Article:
“Next, the role of Romeo. Well then, shall we make this one a girl?” Yoshie-sensei said, probably joking.
But nobody raised their hands. Finally, Yoshie-sensei looked around the classroom with a troubled expression.
And then Kayama raised his hand. “Well then, I’ll do it.”
“I-I see. Then, I suppose I’ll leave it to you, Kayama-kun.” Yoshie-sensei looked surprised, but she wrote our names on the blackboard.
Romeo: Kayama Akira
Juliet: Okada Takuya
What a terrible cast, I thought as I looked at the letters on the blackboard.
“Kayama, why did you raise your hand?” I asked him after homeroom was finished.
“Because I want to stand out,” he replied calmly.
“I was sure you just wanted to cause trouble for Yoshie-sensei,” I said.
“You’re overthinking things. And actually, you being Juliet is stranger than my problems. What on earth is that about? You’ve changed much more than I have.”
“… I have my own circumstances, too.”
Well, I wasn’t normally the type to participate in school events. I didn’t think Kayama’s reaction was unreasonable.
After homeroom was sixth period, PE.
In most PE lessons, Kayama just watched. Kayama was watching from the corner of the basketball court on that day as well. After being put in the same class as him, I was always nervous during PE lessons. But the one thing that made me the most nervous was basketball.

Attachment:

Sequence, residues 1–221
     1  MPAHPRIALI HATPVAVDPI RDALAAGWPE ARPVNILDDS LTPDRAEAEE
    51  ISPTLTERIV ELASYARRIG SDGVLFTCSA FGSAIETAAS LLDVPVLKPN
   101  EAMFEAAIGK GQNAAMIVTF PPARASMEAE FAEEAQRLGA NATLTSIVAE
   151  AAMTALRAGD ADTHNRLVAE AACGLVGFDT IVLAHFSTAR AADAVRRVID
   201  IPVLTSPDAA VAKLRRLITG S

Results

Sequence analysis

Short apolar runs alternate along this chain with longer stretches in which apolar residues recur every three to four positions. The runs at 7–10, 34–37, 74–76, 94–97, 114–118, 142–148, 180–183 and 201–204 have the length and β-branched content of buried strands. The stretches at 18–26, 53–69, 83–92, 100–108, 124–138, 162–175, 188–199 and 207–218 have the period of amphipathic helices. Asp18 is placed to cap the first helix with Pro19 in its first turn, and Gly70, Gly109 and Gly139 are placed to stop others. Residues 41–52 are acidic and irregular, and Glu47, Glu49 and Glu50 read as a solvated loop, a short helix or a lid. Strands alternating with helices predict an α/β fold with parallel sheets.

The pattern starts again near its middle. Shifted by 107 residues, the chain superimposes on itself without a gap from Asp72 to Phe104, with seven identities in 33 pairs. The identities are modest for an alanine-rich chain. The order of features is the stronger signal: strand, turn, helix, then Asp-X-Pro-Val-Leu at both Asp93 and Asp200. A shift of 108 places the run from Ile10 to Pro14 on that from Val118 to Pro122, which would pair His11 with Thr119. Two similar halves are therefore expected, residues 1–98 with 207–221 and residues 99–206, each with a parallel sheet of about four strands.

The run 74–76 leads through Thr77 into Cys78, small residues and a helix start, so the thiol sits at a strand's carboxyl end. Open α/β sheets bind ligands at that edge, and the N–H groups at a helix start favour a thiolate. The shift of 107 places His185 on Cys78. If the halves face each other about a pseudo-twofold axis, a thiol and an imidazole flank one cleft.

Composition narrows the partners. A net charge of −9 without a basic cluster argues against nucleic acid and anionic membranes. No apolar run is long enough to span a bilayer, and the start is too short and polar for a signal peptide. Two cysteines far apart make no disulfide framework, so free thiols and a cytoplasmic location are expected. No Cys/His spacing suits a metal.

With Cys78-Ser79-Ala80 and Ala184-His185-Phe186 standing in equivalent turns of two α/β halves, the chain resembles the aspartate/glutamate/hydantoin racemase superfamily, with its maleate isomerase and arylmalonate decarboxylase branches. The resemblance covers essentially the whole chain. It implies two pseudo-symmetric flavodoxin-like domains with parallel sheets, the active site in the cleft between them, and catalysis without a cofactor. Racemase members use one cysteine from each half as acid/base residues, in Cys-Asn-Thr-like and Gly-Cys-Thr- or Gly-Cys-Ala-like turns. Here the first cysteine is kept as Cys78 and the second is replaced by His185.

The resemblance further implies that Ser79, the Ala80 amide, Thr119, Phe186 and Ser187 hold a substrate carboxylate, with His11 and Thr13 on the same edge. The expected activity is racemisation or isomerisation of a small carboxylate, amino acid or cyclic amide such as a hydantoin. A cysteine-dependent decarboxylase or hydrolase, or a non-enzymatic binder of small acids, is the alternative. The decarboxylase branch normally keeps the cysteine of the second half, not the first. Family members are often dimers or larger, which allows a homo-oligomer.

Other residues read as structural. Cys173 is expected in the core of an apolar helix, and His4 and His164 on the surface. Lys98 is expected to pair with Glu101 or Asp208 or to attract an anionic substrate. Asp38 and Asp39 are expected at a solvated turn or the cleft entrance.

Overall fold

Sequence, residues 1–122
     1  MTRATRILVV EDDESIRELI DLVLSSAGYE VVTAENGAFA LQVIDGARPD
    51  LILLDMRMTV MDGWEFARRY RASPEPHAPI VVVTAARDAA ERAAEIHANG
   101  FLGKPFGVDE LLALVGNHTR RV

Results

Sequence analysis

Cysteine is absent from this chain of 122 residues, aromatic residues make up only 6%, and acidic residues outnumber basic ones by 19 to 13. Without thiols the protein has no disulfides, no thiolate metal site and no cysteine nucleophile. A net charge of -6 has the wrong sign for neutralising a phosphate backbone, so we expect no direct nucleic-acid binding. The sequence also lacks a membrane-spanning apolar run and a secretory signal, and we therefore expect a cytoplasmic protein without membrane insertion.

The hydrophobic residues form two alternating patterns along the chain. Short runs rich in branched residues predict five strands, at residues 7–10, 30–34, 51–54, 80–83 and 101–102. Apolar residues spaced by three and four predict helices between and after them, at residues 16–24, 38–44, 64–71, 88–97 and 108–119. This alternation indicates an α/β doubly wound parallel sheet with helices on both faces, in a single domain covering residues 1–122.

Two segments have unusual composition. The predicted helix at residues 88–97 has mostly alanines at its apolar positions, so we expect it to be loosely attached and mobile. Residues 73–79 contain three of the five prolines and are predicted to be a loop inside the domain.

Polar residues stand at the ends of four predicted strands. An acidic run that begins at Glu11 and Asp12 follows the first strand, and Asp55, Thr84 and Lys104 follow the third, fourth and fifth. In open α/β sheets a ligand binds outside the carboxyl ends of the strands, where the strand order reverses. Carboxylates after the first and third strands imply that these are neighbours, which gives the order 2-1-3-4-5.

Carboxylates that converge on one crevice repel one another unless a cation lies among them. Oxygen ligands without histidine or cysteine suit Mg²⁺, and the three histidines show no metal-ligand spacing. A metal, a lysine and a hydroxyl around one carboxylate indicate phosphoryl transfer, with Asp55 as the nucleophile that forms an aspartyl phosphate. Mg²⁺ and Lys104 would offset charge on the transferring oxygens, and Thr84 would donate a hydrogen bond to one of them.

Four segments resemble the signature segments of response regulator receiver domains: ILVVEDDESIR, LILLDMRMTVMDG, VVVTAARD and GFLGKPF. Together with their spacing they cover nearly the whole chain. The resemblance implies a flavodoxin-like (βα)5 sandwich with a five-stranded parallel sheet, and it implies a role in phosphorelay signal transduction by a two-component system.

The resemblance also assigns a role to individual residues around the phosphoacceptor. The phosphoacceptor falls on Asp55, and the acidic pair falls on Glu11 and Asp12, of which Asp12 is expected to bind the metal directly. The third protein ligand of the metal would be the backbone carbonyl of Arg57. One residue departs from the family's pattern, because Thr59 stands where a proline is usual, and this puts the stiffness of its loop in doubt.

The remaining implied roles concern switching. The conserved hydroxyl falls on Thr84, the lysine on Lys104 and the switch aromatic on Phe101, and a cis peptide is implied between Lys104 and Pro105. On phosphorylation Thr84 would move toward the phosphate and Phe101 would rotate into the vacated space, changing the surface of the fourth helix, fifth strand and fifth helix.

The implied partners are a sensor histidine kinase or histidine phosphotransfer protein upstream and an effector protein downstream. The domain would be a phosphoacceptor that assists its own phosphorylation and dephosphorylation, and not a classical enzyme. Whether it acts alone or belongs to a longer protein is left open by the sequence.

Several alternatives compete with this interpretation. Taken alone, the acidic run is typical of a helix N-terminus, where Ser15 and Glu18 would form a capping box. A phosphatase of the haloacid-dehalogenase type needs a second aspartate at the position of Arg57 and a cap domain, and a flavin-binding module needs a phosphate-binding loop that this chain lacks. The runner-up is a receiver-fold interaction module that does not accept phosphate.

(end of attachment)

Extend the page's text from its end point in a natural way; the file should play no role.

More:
The ball was passed to me. I wondered whether I should dribble or shoot. At that moment, Kayama suddenly entered my field of vision. In the next moment, the ball was taken from me by someone on the opposite team.
“You’re so clumsy, Juliet!” Kayama shouted at me, sounding a little angry. I could hear chuckling laughter around me.
I looked behind me to see the match proceeding, and a goal was easily scored against my team. As I was thinking that it might be my fault for not getting back into position right away, a loss pass flew towards me from my teammate. I heard him shout.
It sounded like the stage name of an unsuccessful comedian. With a sigh, I jumped and threw a shot.
The ball flew through the air in an arc and fell into the net.
Surprised, I looked at Kayama. Our eyes met.
“What?” Kayama said, sounding irritated.
I stood stock still, unable to say anything. Why had I looked at Kayama now, after scoring a goal? I regretted that a little.
In the past, Kayama had been a basketball player.
Up until a certain point during our second year of middle school.
Kayama and I were in the same class back then. And during that time, I was being bullied by a certain group of delinquents in the class who had their eyes on me.
“Jump, Okada!” one of the delinquents shouted.
I was holding the handrail of a veranda, facing our classroom.
“If you hurry up and die, it’ll make us all happier, too.”